5 Lessons from Coby Rich on his time running SMSports for the Arizona Cardinals

The National Football League (NFL) has some of the strongest brand power among all business in the US. With that, there is great opportunity for individual teams to reach millions of fans, with frequency, and, even more, to engage and activate them.

But change, in any industry, can be tough and gradual. The first step, naturally, is to be open to innovation and evaluate where processes and outcomes, and…whatever KPI’s can be improved. And a little pressure from peers never hurts, either. When Coby Rich arrived with the Arizona Cardinals, their position with digital and social engagement in the NFL rankings was on the lower end.

Rich helped oversee a vast improvement and enhancement in growing a bigger and more engaged fan community. Here are a few lessons from my chat with him on how they did it.

 

  1. It starts with content

    If reach and engagement isn’t consistent, or where it could or should be, the first thing to evaluate is the content. The presentation of it, the data behind it, and the proportion of payoff to investment of time and resources. If there is any unease in the importance of driving good content, there’s nothing like some data and FOMO and ego.

    “I knew I could immediately change the content side of things,” said Rich of one of the first steps taken with the team. “So we started doing things differently after those [NFL rankings] numbers were flashed on the screen that first year.”

  2. Getting effective and efficient with content 

    The NFL teams have new games just once per week, which makes for a unique array of content delivery and fan segments. It came down to studying and noting the different types of content fans want to consume and the varied manners of consumption among groups of fans.“Our video content was about ‘Let’s segment these and give fans more…’,” said Rich.

    A Sunday binge is no good no matter what you’re binge-ing on. So, while Cardinals fans indeed feasted on NFL Sundays, Rich and his team saw fit to keep them fed with snacks every day. Fans go through dozens or hundreds of micro-engagements every day, so keeping a frequent, endless scroll and ample supply of quality content is key.

  3. Build Relationships 

    In any pro, major, or minor league sport, forming genuine relationships with the athletes is integral to creating good content. Sure, it’s easier said than done, but transparency is the place to start. Help tell their stories and build their brand, celebrate with them, share the fan love with them, and gain trust. Earn the access and relationships, the kind of which may not be available to the beat reporters.

“Our digital broadcast team has a great rapport with several of the players,” described Rich. “There is a great comfortability we have (with the players)…we know who our superstars are, so we definitely utilize those guys.”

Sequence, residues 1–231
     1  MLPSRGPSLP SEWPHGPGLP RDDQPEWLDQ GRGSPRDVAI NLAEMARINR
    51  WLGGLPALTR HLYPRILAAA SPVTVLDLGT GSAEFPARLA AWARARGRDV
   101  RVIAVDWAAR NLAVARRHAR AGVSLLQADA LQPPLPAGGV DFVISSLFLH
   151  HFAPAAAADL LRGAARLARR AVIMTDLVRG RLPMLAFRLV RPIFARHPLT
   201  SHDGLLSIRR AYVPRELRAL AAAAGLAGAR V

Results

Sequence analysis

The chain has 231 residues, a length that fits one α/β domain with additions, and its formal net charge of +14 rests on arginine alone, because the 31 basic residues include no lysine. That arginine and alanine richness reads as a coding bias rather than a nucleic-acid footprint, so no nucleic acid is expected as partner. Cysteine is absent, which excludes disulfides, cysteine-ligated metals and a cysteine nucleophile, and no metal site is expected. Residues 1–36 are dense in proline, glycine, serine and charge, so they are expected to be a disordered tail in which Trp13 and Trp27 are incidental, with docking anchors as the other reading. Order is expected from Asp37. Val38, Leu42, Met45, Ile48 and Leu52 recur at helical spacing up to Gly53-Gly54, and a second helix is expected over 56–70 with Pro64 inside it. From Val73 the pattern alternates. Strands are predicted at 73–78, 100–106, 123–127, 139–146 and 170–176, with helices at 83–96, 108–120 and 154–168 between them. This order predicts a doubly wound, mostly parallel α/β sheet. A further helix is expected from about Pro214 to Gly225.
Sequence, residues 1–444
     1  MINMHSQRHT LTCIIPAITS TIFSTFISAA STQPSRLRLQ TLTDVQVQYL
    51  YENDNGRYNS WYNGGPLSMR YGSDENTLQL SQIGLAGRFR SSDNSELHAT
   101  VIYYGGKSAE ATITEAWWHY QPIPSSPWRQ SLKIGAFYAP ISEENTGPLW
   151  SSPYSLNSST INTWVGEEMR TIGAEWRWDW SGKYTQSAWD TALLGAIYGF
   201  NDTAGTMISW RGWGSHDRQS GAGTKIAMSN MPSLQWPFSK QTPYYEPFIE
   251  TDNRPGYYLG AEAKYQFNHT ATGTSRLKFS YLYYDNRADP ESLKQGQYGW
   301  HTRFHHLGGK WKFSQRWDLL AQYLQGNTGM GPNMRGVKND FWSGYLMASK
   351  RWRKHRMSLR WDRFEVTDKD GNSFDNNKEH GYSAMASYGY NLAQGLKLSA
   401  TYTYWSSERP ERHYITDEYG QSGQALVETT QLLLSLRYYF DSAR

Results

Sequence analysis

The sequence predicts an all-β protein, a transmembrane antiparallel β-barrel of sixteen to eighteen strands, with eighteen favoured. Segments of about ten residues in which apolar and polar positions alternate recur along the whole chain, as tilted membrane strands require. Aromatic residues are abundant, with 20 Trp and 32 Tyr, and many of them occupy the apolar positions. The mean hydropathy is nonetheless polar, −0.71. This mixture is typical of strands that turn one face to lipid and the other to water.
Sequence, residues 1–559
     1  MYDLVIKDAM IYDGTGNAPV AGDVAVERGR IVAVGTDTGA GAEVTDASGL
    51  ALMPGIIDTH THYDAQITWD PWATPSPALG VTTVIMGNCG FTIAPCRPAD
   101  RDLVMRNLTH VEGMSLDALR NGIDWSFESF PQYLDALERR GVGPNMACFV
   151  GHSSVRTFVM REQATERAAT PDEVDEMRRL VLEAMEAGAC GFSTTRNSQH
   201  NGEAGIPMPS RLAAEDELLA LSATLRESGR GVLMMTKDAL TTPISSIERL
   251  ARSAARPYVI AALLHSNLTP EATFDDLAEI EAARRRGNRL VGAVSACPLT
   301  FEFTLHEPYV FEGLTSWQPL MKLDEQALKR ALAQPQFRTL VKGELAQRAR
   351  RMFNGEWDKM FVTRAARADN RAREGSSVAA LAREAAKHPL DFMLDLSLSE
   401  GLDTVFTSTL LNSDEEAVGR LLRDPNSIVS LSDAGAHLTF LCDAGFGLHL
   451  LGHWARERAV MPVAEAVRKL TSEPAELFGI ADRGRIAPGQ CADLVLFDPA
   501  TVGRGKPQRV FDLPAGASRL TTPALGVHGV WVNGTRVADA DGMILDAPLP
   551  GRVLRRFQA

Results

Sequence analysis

Personalities can be cultivated as the extroverts and proactive players come out, while stories can be told fans never knew about. The end result is better content, more emotionally involved and connected fans, and a better experience for all.

 

4. Mind the Mobile Fan

The biggest lesson here is to think like a fan. They’re constantly interacting with their mobile device, whether answering messages, searching for primary or secondary content, or perusing social networks and apps. Most teams and brands, nowadays, err on the side of mobile, knowing that delivering a good experience on the medium that is growing more and more is paramount.

“You have to think mobile first. Your video should be short, quick-hitting, thought-provoking, engaging…but definitely mobile-first.”

There is the additional insight into mobile – the quick consumption. Enjoy, move on to the next piece of content or, boom, your Starbucks order is ready. The mobile fan likes content they can enjoy on the small screen and, likely, share it if it is great! Think like a fan and always mind mobile, first.

 

5. Earn the right to market to fans

I borrowed the phrase “earn the right to market to fans” from former Direct or of Digital or the Tampa Bay Lightning James Royer, who now leads the digital efforts for the Kansas City Chiefs (yeah, the guy knows what he’s doing). It’s A Vaynerchuk-ian philosophy, but it’s even more powerful in sports.

The content isn’t about solving business problems or answering major, significant questions. It’s delivering upon our favorites pastimes, the things we choose to consume and follow and discuss in our so-called leisure time. When you start to look forward to messaging and interactions with the team, anything marketing or branded can and does feel that much more genuine, accepted, and effective.

“If the content is strong and the copy around it, you can balance (organic and promotional…,” explained Rich. “I’m going to (put in) the marketing stuff you have to do, but keep it engaging.'”

If your social media starts to look like just a billboard of the latest and greatest promotions and news, it’s not exactly cultivating a community.

 

The principles embraced by the Arizona Cardinals in their digital and social transformation and enhancement each hold significance in this world of social and interactive communication and delivery of (all kinds) of content. The more ans feel connected and delighted, the better for everyone and everything. When that becomes actionable and not just abstract, that’s a touchdown all the way.

Reminder, you can listen to my interview with Coby Rich here and see the summary deck here.

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